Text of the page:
By 1st Lt. Austin Liu, 6-52nd Air Defense Artillery, 35th ADA Brigade Public AffairsApril 4, 2011
SUWON AIR BASE, South Korea - Drops of sweat poured down from Spc. Dustin Cantu's chin onto his gear, which were already soaked with mud and rain.
The 19-year-old team leader sprinted back and forth to collect the remaining guide wires for the antenna as his crew, Pfc. Eric Bucholtz and Pfc. Alexander Vera, began the final steps to road march the antenna mast group vehicle, also known as the AMG.
The crew was doing excellent on time, Cantu thought to himself.
He stole a quick glanced at the evaluators standing on the sideline and noticed a smile of approval on their faces this time.
The standard for road marching the AMG is usually one hour.
The crew only used 40 minutes so far. Just as he was about to shout a few words of encouragement to his crew, Cantu realized the rain had turned into snow.
Cantu and his antenna mast group crew, assigned to the communication platoon of Headquarters Battery, 6th Battalion, 52nd Air Defense Artillery, were participating in the semi-annual Patriot gunnery evaluation held at Suwon Air Base March 23 - 25.
This evaluation served as the final bench mark for the communication platoon and its communication relay group, also known as CRG, in validating their ability to execute their wartime mission on the Korean Peninsula.
"The weather was certainly not on our side this afternoon." Cantu chuckled, referring to the rare snow in spring. He then changed to a more serious tone and said, "but the CRG crew still made it happen ... nothing can stop the communication platoon from accomplishing its mission."
It was exactly this type of bravado and can-do spirit from Cantu that first caught Staff Sgt. Chopcinski's attention. Chopcinski served as the crew chief for the communication relay group.
Back in December of last year, Chopcinski and the rest of the leaders in the communication platoon were recruiting for candidates to build up the first crew of the communication relay group.
For a Soldier to earn the position of first crew usually meant that he or she is among the best in the platoon.
"I remember meeting this young private first class [Cantu] one day and noticed that he exhibited a level of maturity and leadership," said Chopcinski. "I immediately knew back then that I wanted this guy to be on my crew."
Cantu was assigned as the team leader of the antenna mast group vehicle, a position usually reserved for noncommissioned officers. Antenna Mast Group is also one of the most important pieces of equipment in the Communication Relay Group.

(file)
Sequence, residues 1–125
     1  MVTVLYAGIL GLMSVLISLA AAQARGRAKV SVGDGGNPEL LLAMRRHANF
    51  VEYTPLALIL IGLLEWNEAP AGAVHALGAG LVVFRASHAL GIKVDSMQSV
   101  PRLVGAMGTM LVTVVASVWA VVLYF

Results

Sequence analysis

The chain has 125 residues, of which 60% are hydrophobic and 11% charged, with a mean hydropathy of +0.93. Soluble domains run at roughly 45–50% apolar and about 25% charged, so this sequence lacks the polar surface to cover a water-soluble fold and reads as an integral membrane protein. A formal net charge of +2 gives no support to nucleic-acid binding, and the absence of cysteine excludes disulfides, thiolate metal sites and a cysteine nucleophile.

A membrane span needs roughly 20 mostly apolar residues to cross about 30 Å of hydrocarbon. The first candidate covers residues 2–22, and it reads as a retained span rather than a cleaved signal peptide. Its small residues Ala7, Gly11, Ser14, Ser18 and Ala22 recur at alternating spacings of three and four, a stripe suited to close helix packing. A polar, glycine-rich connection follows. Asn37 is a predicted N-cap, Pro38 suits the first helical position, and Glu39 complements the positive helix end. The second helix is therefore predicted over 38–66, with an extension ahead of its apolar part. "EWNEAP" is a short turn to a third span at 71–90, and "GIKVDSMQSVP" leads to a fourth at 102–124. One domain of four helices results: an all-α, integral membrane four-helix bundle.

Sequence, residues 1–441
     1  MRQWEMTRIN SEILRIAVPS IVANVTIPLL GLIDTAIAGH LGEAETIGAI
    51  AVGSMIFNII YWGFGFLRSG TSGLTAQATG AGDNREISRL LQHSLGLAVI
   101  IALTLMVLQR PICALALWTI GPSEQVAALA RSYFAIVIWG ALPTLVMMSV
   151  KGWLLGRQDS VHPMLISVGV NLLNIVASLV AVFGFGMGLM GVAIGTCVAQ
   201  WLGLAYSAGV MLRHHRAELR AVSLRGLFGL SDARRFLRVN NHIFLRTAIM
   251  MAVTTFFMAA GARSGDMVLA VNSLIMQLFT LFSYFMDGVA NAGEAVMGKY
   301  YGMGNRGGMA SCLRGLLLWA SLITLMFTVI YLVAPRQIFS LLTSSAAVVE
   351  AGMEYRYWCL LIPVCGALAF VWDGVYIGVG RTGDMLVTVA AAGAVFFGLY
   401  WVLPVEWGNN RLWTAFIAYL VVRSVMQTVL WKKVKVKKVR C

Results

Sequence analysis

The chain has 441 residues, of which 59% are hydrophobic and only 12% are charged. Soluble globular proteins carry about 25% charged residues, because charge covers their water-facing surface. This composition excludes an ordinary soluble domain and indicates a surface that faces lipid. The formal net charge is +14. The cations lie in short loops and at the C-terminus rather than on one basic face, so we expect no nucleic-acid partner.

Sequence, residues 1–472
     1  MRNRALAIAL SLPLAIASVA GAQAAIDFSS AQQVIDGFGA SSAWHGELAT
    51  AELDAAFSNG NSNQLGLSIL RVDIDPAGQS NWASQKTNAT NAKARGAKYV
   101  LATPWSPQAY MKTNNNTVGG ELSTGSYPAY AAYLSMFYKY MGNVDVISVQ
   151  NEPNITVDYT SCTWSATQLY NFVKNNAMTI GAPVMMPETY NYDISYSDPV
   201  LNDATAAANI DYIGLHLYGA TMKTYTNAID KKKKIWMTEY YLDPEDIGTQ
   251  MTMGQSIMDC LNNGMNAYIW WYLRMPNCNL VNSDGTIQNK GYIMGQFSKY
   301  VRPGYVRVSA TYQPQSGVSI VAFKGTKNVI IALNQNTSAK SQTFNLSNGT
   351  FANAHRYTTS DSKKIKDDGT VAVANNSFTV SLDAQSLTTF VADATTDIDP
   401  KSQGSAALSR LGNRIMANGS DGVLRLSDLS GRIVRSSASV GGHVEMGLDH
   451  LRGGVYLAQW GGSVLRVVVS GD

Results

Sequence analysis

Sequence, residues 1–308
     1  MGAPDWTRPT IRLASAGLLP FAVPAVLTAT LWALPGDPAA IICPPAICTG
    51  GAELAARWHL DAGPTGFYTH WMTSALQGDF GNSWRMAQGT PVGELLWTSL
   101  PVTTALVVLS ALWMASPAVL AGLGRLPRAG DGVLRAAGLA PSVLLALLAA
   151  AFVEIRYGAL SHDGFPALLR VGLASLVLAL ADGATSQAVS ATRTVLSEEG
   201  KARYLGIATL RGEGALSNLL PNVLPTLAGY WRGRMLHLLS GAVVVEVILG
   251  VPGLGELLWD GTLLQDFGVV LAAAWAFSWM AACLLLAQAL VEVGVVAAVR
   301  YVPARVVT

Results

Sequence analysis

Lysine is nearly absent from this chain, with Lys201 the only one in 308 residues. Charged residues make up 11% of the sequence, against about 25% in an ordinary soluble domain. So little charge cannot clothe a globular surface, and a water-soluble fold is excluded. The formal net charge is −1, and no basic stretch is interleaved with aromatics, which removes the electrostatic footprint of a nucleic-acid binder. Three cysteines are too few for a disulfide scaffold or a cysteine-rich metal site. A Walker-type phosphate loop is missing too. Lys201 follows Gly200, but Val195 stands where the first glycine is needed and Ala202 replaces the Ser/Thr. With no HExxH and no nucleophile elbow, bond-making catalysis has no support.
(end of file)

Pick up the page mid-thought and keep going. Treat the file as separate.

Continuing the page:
"I was extremely proud to have been selected to serve in the position [team leader]," said the Texas native, "And I promised myself I will do my best to accomplish the mission."
"I have never learned about the AMG in advanced individual training as a 25C, so I knew I had to spend some extra time preparing," Cantu said.
Cantu soon learned there are other challenges awaiting a young Soldier working above his rank.
"The first challenge I encountered in my new position is that I noticed some of my Soldiers on my team had difficulty taking orders from someone who does not have the NCO stripe," Cantu said.
"But I was able to quickly let my team know that I am now wearing the hat of NCO and I can no longer act as if I am not."
Chopcinski added, "I remember Soldiers coming to me one day and complained that Cantu was giving orders to them as if he was an NCO ... I looked at them and said, 'good, that means he is doing his job.'"
Cantu enlisted in the Army right out of high school, not because of the benefits, scholarship or even the adventure.
"I enlisted because I wanted to serve ... because our society lacks folks that simply want to serve their nation," he said.
The sole communication platoon in the battalion plays a critical role in the mission accomplishment of a Patriot battalion.
"Communication Relay Group serves as the communication relay between one Patriot Firing Battery and another and between the firing battery and its higher headquarters during air and missile defense operations," explained Master Sgt. Timothy Kinmon, the 6-52nd Air Defense Artillery Battalion Electronic Missile Maintenance Office (EMMO) noncommissioned officer-in-charge and the primary evaluator of CRG gunnery evaluation.
He continued, "If hostilities break out on the peninsula, they [CRG] are usually deployed to different locations, along with the firing batteries, to ensure that vital communication link is up and running quickly so that air defenders can successfully intercept enemy tactical ballistic missiles."
As Cantu and his team received their outbrief from the evaluators after successfully completing their crew drill, the young team leader was already planning how to get his crews to the next evaluation.
His leaders, however, have something else planned for the promising Soldier.
"I am preparing him [Cantu] for the next board," Chopcinski said. "It is time for him to get promoted to a noncommissioned officer ... after all, he is already performing at that level."